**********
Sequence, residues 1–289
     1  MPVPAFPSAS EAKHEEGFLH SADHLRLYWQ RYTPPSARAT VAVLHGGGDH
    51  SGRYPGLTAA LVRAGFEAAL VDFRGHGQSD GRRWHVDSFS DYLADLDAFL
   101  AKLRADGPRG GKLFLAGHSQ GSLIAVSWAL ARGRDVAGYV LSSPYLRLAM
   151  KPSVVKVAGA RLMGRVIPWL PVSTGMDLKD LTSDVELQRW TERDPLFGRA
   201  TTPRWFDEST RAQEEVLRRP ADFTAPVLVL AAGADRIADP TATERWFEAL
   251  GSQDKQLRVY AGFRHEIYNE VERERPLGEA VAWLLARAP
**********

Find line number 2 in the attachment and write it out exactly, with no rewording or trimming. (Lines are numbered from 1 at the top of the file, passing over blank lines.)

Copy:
     1  MPVPAFPSAS EAKHEEGFLH SADHLRLYWQ RYTPPSARAT VAVLHGGGDH